Infinite Space Sets a New Standard
Every once in a while a game that I wasn’t looking forward to comes out of left field and makes me proud to be a gamer. Through some combination of low expectations on my part, compelling character-driven story, and well-crafted gameplay mechanics, Infinite Space has made its way onto my short list of “DS game of the year” nominees.
The story of Infinite Space is epic, interesting, and is completely free of the annoying cuteness that bogs down many anime space sagas. Yuri, the protagonist, grew up bound to a world ruled by a petty baron. He dreams of exploring the “sea of stars” and, once he escapes his homeworld, his journey is tempered by the fact that the galaxy is a lawless place filled with bloodthirsty pirates, corrupt law enforcers, and bottom line-oriented feudal lords. And the animated introductory sequence is an amazing, high-quality production, though it is a little confusing because it chops and mixes events from the first chapter.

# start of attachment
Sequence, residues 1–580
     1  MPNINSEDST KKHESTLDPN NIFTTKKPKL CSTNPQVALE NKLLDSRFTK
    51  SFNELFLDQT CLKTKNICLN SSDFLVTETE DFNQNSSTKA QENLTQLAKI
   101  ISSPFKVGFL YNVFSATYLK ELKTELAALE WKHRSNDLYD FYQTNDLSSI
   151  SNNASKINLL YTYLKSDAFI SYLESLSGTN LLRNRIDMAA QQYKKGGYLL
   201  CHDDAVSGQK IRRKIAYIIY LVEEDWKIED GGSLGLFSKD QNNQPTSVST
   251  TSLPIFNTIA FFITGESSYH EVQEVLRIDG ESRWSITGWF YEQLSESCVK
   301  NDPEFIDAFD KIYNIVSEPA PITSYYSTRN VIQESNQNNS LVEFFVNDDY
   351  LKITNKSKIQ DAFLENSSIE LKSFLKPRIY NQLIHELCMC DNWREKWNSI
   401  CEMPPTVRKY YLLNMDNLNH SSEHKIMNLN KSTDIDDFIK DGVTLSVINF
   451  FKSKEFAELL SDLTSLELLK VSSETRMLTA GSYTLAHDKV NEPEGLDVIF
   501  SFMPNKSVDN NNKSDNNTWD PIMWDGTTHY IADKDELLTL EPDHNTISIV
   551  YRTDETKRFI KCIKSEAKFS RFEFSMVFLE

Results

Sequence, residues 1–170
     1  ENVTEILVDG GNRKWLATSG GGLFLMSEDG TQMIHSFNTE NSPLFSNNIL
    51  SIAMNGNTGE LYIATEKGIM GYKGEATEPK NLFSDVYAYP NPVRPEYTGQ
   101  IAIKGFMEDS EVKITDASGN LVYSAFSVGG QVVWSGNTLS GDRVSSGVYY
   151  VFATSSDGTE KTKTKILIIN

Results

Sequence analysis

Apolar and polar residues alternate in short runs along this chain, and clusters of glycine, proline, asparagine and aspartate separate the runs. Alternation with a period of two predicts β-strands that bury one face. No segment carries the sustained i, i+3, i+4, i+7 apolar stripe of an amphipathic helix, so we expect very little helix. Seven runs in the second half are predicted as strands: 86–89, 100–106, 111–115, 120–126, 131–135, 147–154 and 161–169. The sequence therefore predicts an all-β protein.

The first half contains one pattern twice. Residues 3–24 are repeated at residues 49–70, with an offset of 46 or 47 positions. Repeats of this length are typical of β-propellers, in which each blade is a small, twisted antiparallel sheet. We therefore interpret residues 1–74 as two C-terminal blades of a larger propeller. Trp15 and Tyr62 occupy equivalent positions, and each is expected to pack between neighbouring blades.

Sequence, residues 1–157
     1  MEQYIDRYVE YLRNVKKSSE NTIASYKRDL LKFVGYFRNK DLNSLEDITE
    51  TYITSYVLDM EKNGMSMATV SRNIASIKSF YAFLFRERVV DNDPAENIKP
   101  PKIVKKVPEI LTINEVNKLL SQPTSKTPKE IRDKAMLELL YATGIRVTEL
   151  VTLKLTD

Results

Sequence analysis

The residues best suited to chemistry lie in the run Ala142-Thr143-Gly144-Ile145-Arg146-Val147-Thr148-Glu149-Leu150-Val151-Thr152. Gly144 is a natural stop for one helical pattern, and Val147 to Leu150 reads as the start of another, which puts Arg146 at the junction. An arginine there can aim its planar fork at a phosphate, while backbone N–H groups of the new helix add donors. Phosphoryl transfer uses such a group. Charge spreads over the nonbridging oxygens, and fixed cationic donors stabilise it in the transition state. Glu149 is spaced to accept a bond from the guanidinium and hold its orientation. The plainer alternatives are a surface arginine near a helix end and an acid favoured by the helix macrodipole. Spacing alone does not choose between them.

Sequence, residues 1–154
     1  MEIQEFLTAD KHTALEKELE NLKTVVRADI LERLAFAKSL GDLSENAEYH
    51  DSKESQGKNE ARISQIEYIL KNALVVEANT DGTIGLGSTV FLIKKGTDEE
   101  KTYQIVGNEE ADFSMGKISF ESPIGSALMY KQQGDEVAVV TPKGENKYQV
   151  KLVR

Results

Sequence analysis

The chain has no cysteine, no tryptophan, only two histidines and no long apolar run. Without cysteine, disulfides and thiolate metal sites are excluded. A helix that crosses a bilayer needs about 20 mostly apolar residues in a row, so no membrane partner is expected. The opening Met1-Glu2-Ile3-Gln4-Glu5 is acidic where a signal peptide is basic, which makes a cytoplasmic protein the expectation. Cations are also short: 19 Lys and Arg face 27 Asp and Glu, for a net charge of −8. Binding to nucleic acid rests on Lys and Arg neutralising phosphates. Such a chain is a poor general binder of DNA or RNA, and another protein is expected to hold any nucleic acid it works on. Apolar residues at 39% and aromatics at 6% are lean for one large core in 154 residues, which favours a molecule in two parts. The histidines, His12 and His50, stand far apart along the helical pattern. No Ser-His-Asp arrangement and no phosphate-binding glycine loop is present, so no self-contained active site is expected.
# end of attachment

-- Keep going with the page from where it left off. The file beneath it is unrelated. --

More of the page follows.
The general idea that drives the game is that you get to command a fleet of ships. There is a huge variety of ships and ship modifications, so you can outfit your small fleet as you see fit. You fly from planet to planet, and from system to system, in a journey of discovery where you will face off against enemy fleets. There are a lot of interesting characters to meet, many of whom will join your fleet; half the fun is matching the various strengths and weaknesses of each character to the many positions available within your army. You aren’t immediately thrown into the role of Fleet Commander, however, as the ability to control multiple ships must be earned over time. And that’s a good thing, as Infinite Space’s unique combat system takes time (and frequent failures) to master.